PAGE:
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Rose-grower Brad Jalbert debunks the myths and tells how you can plan for fabulous blooms with no fuss.
The World Rose Convention and Festival, in Vancouver from June 18 to 23, is an opportunity for rose enthusiasts to show off their best blooms, discover new varieties and – in keeping with this year’s theme, “Roses in the Landscape,” – learn earth-friendlier techniques for cultivating the little darlings with a bad reputation for chemical dependency. Many of the speakers at the convention, including Brad Jalbert of Select Roses, dispute the notion that roses require sprays and constant care.
When Jalbert was a teenager, his big brother brought home a pathetic-looking discard from the local supermarket. The rose was in bad shape, he says, but he stuck it in a hole anyway. “The rose was amazing! It had so many blooms. So I got a few more discards and I thought, ‘Why aren’t more people growing these? They’re so easy and they’re beautiful!’” By the time an aghast family friend told him he wasn’t doing it properly, it was too late. He and the rejected roses were stuck in their easy-care ways.
George Mander started from the top down
Now the first question Jalbert asks when people come to browse the perfumed petals at the Langley nursery is, “How much work do you want to do?” If they admit to being fanatics, he politely directs them to the gorgeous but helpless hybrid tea roses, or, as Brad likes to tease: “the boring ones.” But if the visitor confesses to just wanting to plant and never worry again, he has plenty of “interesting” options, which he insists are easy to grow.
Jalbert has ten essential tips for those who want gorgeous roses with minimal effort.
Nowadays, the local rose society may be your best source of advice on climate-appropriate varieties, but in decades past, these clubs may actually have fuelled the myth that roses are tender. Members were typically aficionados who enjoyed taking the extra time to coax perfect blooms from ideal stems. Other culprits are big-box retailers that sell varieties not suited to the local climate. Hence, they take twice as much work to keep alive, perpetuating the myth that roses are sickly and delicate.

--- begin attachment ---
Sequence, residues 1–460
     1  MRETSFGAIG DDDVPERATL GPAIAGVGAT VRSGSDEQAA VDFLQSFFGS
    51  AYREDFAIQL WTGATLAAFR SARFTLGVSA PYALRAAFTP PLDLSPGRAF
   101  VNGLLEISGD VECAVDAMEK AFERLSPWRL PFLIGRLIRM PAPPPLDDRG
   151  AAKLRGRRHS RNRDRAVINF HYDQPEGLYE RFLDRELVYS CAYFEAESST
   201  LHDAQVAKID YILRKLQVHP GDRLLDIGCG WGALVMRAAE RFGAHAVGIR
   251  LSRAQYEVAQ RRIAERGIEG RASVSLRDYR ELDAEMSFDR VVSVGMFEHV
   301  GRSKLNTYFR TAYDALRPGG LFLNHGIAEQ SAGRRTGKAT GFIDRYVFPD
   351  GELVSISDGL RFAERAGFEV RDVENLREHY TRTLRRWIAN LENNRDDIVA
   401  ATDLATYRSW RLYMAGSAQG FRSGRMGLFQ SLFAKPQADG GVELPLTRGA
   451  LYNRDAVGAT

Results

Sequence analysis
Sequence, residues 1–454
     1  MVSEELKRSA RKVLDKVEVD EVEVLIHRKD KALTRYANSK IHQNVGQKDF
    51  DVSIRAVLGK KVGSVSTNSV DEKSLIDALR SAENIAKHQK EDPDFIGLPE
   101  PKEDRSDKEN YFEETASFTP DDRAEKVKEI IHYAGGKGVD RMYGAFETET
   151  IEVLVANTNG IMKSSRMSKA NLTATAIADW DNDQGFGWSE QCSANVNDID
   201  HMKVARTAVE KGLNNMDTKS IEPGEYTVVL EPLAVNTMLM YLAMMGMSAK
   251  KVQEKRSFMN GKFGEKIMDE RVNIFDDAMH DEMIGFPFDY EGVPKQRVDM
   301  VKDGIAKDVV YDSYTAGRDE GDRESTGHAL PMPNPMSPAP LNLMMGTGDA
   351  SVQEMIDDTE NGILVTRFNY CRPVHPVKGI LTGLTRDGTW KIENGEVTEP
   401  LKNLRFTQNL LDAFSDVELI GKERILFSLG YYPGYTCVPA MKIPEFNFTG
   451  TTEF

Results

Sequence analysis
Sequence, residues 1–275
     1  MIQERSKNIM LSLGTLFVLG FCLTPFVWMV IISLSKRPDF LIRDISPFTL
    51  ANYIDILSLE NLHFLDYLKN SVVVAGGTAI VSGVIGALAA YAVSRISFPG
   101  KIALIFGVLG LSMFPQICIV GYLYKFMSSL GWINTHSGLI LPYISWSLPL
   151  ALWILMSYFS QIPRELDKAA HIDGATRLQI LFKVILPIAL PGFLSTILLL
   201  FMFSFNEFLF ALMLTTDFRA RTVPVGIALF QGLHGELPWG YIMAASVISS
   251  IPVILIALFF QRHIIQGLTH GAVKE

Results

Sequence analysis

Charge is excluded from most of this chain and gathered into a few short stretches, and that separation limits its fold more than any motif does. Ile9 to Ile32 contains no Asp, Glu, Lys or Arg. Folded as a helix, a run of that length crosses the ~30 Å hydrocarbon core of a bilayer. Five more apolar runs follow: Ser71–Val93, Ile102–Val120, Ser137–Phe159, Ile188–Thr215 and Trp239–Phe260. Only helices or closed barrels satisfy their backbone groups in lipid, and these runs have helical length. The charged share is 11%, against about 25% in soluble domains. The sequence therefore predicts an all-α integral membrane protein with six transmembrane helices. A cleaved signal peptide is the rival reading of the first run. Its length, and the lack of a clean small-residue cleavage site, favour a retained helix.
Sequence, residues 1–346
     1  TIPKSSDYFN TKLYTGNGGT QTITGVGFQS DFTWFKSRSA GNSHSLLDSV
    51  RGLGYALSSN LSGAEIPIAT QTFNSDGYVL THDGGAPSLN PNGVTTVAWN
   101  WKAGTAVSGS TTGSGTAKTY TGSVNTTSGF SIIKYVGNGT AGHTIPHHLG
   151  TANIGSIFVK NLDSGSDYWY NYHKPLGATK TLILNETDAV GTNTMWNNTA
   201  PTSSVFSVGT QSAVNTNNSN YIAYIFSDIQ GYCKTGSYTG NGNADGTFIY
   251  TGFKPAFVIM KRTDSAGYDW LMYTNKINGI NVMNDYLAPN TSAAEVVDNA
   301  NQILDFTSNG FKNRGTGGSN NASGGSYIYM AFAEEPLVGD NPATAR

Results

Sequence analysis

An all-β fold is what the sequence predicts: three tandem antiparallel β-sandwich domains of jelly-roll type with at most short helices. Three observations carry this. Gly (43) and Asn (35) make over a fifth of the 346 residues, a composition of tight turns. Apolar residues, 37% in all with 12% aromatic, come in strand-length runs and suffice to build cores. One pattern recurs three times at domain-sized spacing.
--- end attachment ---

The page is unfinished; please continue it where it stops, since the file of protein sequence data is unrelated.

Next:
The trick to being a truly lazy gardener is research. Consider carefully and realistically your climate, gardening habits and conditions – the amount of watering you will neglect to do, the winter straw you’ll never get around to scattering, the scant amount of sun your yard receives, and the sprays of gravel from the car which you will regularly park far too close – then choose your rose accordingly. With tens of thousands of varieties in the world, finding the right rose for your bad habits isn’t ridiculous. There are 20-cm-tall (8-in.) miniature roses that thrive on constant flattery. There are tough-talking ramblers that, on their own, with no care, have been known to rip the front porches off of neglected English country houses. There are climbers winding their way 15 m (50 ft.) up into trees, where they produce blooms in the shade. There are roses with purple stems; roses with silvery-blue foliage; roses that smell of baby powder or oranges; roses with unremarkable blossoms that, Brad explains with excitement, one day burst into hundreds of deliciously rich, red hips; and roses that happily grow beside highways in dried-out ditches choked with car exhaust. Whatever your personal style of neglect or abuse, there is a rose tough enough to take it.
To find the right variety, go to a reputable nursery, contact a local rose society, or read a book that gives specific advice for your area, such as Roses for British Columbia by Brad Jalbert and Laura Peters.